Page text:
Meet the little-known L.A. band you hear in ‘Ghostbusters’
When “Ghostbusters” had its Hollywood premiere last weekend, the expected celebrities and stars of the film were on hand. Also walking the red carpet: three elementary school teachers who, after years of leading double lives as a punk rock band, were ready for their close-up.
Sisters Lisa and Joanie Pimentel, with Nicola Berlinsky, constitute No Small Children. Their cover of the original “Ghostbusters” theme song can be heard in the closing credits and outtake reel in the new movie, which stars a female-dominated cast.
So how did a little-known, do-it-yourself band wind up in Hollywood blockbuster? It started with Halloween costumes.
In November, the band dressed as Ghostbusters for a holiday party. The group was encouraged to perform a cover of Ray Parker Jr.’s title track from the 1984 blockbuster. On a lark, they were prodded to send it to Theodore Shapiro, the composer of the score on the “Ghostbusters” remake.
Watch the trailer for “Ghostbusters.”
The band, after all, had a connection with Shapiro. The three teach at the same San Fernando Valley elementary school, and Shapiro is a parent to one of their students.
“We did this all the time, always just throwing out these little things into the universe. You never know what’s going to catch,” says Lisa, a music teacher and the band’s singer and guitarist.
By the time the band sent the tune to Shapiro, the music for the film, he relayed, had already been chosen.
But six months later, No Small Children received exciting news.
“It got snuck in super last minute, and the music editor [Erica Weiss] told us they don’t just love the song — they love our story,” says Joanie — singer, bassist and music teacher.
“From the very beginning,” she adds, “it felt like they were rooting for us.”
Though the track is not found on the official “Ghostbusters” soundtrack, the act says the song will be available digitally.
“The No Small Children cover of ‘Ghostbusters’ is super fun and has a great energy to it, just like the members of this band,” says Weiss. “We were thrilled to find a place for it in the film, and I’m personally happy to now know their music.”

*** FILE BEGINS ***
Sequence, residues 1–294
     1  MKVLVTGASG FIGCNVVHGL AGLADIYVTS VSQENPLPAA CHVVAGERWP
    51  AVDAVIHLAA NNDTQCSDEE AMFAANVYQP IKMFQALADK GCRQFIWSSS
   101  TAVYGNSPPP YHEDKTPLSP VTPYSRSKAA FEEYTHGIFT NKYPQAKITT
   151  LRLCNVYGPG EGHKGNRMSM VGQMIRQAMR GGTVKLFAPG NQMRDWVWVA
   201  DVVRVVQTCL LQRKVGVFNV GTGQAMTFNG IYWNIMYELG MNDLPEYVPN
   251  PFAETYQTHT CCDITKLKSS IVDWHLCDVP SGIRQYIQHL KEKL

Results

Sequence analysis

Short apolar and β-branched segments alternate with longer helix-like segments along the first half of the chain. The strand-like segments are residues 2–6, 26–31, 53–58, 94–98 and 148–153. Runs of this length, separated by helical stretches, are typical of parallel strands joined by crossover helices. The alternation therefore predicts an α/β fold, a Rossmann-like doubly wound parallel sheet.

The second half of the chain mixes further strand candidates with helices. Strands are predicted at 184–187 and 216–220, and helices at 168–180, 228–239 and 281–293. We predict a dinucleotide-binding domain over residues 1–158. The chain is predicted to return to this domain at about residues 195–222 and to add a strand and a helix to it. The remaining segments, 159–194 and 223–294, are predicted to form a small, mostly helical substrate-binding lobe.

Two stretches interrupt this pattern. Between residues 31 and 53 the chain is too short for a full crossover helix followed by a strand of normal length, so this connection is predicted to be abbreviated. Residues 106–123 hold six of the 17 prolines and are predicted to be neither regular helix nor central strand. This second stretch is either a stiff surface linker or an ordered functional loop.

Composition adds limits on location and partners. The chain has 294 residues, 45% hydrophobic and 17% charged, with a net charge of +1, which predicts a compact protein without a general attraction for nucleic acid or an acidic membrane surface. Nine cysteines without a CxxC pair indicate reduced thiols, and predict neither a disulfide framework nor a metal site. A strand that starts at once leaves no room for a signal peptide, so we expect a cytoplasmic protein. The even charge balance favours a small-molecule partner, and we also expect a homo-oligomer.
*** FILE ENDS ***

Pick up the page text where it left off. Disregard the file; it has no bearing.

Added “Ghostbusters” director Paul Feig via an emailed statement: “These awesome musicians completely sum up the spirit of our movie — smart, talented, subversive women kicking ass and taking names.”
After four years of doing everything — from writing to recording to rehearsing to booking — on their own terms, the band’s commitment has paid off.
“We have been totally DIY. We each play to our strengths, and we have been hustling,” says Nicola, drummer and fourth-grade teacher.
While at their day job, they focus, of course, on the students. But the three band members would be dishonest if they told you they didn’t also sneak in some impromptu band meetings. Think: recess and lunch breaks.
It was at midday break one Friday before Mother’s Day, for instance, when the then-solo musicians Lisa and Nicola came up with the idea to form a band.
“Nicola and I don’t have children and we were feeling kind of sad about it,” Lisa says. “In that sadness, we thought, ‘Let’s start a band and call it No Small Children.’ From there we started writing.”
A few months later in 2014, Lisa’s sister Joanie moved from Boston to Los Angeles. Thus, what Joanie describes as a “melodic, pop-y, vocal hook” trinity was completed.
Within six months the band released an EP and has since managed to squeeze in some national tours — during school breaks, of course. Through four albums, the band’s philosophy is simple: Say yes.
“It seems like successful people that I know just say yes to every opportunity,” Lisa says. “So we said yes to every gig, everything. It’s exhausting, but it really helped us.”
Although their job as teachers keeps them frequently busy, the three don’t view music as a side project. Their daytime and their gigs even influence each another.
“We’re in front of an audience, so to speak, all day,” Nicola says. “We have no shame in getting a room warmed up and lively. We started equating teaching to playing a gig, which is putting yourself in a place where you’re open and learning all the time.
“We put ourselves into new situations all the time, and it’s keeping us learning and empathetic to what our students go through,” she says.
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